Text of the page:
In 'Christ and Culture Revisited', D. A. Carson begins by exploring the H. Richard Niebuhr's classic typology, with its five options for understanding culture. He proposes that these disparate options are in reality one still larger vision. Using the Bible's own story line and the categories of biblical theology, he attempts to work out what that unifying vision is. Carson acknowledges the helpfulness of Niebuhr's grid and other similar approaches, but warns against giving them canonical force.
More than just theoretical, 'Christ and Culture Revisited' is also designed to help Christians untangle current debates about living in the world. Carson emphasizes that the relation between Christ and culture is not limited to an either/or cultural paradigm - Christ against culture or Christ transforming culture. Instead he offers his own paradigm in which all the categories of biblical theology must be kept in mind simultaneously to inform the Christian worldview.
Ground-breaking and challenging, 'Christ and Culture Revisited' is a tour de force.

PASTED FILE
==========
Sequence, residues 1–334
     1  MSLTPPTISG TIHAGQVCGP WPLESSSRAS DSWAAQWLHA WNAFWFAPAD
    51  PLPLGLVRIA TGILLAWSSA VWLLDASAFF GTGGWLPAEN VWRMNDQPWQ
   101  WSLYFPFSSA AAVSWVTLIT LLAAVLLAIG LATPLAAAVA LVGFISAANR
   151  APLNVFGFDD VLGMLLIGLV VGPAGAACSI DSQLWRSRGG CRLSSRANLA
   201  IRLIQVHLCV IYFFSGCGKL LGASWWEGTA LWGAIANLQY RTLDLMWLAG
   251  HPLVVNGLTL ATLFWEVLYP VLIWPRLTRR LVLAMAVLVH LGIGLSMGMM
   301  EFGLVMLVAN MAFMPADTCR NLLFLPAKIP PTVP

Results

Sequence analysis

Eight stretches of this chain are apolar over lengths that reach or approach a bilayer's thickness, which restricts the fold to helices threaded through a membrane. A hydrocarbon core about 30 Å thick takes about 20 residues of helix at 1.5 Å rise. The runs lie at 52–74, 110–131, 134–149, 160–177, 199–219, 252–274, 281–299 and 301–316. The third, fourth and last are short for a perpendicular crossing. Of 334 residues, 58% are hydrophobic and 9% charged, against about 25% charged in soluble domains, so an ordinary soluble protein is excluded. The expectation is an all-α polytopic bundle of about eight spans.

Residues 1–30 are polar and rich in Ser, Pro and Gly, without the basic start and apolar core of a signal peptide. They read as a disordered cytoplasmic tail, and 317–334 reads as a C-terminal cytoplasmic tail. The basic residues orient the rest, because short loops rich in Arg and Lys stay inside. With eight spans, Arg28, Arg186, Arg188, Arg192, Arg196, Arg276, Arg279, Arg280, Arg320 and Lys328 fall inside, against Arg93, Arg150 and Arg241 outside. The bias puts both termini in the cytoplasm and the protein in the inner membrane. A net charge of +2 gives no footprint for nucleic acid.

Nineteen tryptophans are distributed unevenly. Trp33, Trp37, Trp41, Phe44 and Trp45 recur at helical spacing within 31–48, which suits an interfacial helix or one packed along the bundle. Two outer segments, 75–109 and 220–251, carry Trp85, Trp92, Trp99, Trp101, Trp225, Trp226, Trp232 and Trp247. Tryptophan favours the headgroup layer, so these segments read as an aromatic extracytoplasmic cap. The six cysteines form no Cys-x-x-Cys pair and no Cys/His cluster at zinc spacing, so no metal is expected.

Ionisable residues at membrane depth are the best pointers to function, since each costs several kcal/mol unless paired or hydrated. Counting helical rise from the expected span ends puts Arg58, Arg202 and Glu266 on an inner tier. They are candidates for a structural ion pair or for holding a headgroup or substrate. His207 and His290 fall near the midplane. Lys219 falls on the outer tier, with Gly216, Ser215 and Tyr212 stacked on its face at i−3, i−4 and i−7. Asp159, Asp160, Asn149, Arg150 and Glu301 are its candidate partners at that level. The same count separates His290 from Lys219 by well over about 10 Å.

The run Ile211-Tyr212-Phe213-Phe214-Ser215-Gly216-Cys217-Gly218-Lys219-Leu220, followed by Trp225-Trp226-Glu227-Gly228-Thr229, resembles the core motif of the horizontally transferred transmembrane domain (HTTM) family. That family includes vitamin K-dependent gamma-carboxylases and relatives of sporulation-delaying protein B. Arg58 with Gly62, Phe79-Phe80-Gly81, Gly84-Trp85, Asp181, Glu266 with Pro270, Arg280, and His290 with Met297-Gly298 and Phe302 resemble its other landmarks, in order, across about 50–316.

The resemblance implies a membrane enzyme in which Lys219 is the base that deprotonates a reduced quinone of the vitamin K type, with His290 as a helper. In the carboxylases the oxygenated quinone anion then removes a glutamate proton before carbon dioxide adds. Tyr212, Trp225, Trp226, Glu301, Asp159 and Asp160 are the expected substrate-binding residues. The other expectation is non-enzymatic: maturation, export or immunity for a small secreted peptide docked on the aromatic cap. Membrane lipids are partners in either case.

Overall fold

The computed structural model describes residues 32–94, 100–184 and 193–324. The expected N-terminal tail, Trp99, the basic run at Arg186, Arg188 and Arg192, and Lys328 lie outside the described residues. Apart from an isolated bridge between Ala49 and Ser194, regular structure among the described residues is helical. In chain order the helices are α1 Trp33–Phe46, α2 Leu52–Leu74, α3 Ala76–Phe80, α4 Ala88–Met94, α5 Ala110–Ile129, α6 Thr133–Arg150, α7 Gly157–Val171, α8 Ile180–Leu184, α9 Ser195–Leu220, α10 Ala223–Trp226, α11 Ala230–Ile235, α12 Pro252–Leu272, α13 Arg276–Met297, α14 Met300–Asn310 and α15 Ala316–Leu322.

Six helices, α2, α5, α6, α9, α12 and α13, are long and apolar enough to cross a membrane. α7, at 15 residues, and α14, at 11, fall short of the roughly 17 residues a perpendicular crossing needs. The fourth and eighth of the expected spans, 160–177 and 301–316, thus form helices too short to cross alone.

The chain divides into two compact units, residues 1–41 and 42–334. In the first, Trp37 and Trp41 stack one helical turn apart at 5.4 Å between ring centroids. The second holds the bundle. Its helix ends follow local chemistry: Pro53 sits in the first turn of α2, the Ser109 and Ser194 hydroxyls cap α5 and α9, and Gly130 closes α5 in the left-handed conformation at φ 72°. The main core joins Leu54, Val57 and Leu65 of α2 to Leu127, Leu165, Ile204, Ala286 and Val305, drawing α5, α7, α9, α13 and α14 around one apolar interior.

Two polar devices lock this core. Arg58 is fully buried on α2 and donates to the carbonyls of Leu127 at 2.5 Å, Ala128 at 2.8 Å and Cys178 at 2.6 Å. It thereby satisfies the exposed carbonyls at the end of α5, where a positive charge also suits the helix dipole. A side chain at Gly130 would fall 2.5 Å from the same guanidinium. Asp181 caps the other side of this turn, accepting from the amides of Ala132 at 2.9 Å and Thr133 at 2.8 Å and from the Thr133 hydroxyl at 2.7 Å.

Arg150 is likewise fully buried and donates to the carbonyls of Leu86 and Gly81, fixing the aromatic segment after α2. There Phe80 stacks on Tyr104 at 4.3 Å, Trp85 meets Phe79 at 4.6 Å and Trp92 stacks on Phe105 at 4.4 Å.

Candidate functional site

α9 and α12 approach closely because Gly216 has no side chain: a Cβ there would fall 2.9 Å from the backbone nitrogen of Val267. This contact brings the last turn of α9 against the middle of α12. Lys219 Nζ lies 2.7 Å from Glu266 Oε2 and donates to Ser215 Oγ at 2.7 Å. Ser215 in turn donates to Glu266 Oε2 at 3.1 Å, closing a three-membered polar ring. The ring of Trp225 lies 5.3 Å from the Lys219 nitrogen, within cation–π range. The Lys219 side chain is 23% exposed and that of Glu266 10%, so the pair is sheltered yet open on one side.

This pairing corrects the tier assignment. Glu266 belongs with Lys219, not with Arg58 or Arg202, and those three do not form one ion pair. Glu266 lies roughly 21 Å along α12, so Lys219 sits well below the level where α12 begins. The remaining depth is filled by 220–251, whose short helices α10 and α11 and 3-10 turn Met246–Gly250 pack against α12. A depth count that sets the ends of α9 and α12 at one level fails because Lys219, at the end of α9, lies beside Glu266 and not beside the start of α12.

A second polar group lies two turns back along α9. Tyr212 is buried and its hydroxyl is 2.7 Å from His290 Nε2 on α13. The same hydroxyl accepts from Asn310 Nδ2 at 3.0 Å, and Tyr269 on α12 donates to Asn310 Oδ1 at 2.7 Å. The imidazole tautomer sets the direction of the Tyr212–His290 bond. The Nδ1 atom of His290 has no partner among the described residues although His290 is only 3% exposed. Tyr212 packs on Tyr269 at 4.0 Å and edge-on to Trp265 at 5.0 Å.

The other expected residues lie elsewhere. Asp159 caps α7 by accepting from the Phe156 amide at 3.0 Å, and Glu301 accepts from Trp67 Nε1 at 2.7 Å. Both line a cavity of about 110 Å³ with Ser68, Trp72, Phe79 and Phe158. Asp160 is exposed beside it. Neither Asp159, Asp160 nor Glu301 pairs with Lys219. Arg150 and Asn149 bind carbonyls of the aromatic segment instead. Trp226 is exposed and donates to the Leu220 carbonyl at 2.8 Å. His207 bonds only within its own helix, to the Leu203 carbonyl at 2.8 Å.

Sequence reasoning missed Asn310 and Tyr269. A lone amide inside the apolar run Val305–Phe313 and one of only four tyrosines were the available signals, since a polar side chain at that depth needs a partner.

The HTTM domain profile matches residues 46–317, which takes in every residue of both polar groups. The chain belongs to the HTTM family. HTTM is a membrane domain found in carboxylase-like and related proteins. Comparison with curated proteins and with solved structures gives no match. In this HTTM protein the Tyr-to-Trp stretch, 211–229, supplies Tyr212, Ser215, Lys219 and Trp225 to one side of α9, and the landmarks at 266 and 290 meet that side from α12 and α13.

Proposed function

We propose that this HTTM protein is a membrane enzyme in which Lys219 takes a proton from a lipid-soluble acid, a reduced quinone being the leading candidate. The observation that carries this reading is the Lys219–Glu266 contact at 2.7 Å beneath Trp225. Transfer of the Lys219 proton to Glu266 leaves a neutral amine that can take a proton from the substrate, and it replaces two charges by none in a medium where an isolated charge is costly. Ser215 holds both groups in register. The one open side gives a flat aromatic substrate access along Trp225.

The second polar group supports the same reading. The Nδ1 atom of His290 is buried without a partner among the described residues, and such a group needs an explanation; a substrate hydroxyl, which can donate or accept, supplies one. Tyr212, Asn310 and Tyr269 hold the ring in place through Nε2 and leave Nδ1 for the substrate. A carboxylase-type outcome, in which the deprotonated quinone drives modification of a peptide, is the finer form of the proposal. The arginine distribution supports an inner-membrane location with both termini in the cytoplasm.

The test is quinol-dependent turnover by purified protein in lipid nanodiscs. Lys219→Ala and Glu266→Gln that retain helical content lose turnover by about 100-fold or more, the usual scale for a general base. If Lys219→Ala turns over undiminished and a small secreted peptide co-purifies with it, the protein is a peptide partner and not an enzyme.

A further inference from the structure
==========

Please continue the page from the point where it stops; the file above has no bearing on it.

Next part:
Commendations"There is no more crucial issue facing us today than the relationship of the church and the gospel to contemporary culture. Don Carson's treatment of this issue is the most balanced one out there. Rather than grinding an axe or pushing his own paradigm, he listens carefully to the Scripture and brings us in the end to a sophisticated simplicity about these matters. I highly recommend this book." Tim Keller, Pastor, Redeemer Presbyterian Church, New York City
"Don Carson here writes clearly, carefully, and helpfully about the timely topic of how Christians should engage culture. Well-suited to write such a volume, Carson exposes and explodes 'egregious reductionisms' which he says too often afflict Christians. We can't reduce the relationship of Christ and culture to one model (Niebuhrian or otherwise). Reading this book has sharpened my own understanding. So buy the book you're holding. Read it. Pass it along to folks in your congregation. And reduce 'egregious reductionisms'!" Mark Dever, Pastor, Capitol Hill Baptist Church, Washington D.C.